How can more people be persuaded to vote?
Tomorrow I’ve been invited to take part in a “power lunch” at the Adam Smith Institute at which at which pollsters, journalists and others with a keen interest in the election process will discuss with Sam Younger, Chairman of the Electoral Commission, ways of boosting voter turnout in UK elections.
And in thinking about the issue it struck me that the decline in turn-out is closely correlated to the emergence of digital television. Until the 1997 election it was very difficult for TV viewers to get away totally from politics during a campaign because the vast majority of people had only only four channels – and each of these was required to show party election broadcasts like the “Brown-Blair love-in” (above) which kicked off Labour’s campaign in April.
Now the plan is for analogue TV to be switched-off by 2012 and the vast majority of households already have access to a minimum of 30 channels – most of them supported by advertising. The days when the public enjoyed a “common TV experience” by watching the same programme at the same time have gone.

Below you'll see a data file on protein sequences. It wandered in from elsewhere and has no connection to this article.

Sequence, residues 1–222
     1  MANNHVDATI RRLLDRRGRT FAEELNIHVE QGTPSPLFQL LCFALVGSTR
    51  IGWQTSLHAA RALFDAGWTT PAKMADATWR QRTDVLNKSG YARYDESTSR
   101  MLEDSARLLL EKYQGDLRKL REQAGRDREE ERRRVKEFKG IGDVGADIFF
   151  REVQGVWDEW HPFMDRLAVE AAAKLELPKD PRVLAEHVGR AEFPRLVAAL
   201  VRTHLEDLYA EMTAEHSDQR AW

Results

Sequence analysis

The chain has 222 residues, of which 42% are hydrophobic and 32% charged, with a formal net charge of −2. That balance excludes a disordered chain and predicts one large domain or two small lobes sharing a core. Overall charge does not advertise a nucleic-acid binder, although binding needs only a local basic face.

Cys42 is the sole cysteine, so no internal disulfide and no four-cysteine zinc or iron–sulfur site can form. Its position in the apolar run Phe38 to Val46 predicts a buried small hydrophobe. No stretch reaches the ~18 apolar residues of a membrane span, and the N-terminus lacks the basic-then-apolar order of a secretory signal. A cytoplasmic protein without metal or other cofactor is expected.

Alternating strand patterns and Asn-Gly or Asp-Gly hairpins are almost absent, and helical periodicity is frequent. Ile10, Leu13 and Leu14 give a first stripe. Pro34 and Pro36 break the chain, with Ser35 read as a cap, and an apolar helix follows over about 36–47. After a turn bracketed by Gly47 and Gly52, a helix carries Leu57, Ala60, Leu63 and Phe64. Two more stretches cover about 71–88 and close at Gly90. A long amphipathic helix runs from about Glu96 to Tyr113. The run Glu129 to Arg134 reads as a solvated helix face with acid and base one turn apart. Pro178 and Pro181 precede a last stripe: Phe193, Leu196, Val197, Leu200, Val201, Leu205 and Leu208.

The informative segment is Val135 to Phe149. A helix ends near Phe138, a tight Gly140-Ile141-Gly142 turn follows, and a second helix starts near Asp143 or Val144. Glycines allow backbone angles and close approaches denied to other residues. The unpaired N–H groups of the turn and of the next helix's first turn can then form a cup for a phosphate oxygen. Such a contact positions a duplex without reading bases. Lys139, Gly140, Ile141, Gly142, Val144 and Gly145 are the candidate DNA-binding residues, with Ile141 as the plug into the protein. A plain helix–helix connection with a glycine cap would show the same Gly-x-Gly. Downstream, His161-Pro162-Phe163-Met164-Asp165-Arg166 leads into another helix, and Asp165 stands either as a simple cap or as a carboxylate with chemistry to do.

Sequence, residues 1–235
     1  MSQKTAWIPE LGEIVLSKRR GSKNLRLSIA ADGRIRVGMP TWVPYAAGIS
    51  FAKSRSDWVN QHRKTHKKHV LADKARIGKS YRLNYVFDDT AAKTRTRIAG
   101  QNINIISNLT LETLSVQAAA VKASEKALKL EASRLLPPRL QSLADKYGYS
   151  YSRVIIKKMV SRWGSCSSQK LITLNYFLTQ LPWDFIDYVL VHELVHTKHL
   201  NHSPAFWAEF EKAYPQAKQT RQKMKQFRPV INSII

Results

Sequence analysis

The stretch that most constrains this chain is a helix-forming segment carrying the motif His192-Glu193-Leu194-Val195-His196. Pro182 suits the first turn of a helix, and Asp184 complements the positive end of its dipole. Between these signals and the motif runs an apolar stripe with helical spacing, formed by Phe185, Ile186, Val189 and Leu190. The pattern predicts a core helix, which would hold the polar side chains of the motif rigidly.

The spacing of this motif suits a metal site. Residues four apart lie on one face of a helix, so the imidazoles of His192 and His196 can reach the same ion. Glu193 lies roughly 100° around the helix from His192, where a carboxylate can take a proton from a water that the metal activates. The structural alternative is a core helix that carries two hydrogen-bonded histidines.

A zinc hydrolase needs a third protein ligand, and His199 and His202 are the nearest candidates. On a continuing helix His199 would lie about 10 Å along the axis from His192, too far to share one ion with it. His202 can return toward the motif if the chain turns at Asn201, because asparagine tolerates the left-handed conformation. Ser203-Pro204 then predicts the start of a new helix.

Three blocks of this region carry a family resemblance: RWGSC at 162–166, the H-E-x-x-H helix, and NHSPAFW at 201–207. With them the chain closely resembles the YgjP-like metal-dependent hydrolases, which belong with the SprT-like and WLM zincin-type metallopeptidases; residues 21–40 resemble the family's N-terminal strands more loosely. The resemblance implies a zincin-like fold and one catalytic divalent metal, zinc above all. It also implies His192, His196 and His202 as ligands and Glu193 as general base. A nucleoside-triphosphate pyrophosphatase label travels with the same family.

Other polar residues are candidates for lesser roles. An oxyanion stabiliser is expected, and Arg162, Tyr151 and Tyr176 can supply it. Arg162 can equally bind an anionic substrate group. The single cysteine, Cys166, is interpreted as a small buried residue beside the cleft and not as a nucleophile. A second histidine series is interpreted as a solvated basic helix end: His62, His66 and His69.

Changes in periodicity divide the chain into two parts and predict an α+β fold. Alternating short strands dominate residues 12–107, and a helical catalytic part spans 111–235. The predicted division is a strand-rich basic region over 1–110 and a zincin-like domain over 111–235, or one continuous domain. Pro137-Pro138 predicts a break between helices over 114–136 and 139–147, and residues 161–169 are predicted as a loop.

Right from the beginning of commercial TV fifty years ago in the UK political advertisements have been banned. The result is that UK elections are totally different from US ones where TV advertising totally dominates.
What is the case for continuing the ban in the digital television era? Surely if we want to encourage more people to be interested in the political process then the full range of communication tools should be available to those who are seeking our votes?
The big argument against is the money – as we’ve seen in the campaign financing debates in the US. But the UK has now got a regime of much tougher reporting and transparency requirement on party funding as all three main parties have discovered in the past few months.
If we want to get the younger generation to be more interested in the political process then the parties should be able to reach them by being able to advertise on the TV channels that they watch. It would make for very different General Election campaigns.
I would be very interested in other ideas about how turnout can be increased so I can feed it in to tomorrow’s discussion.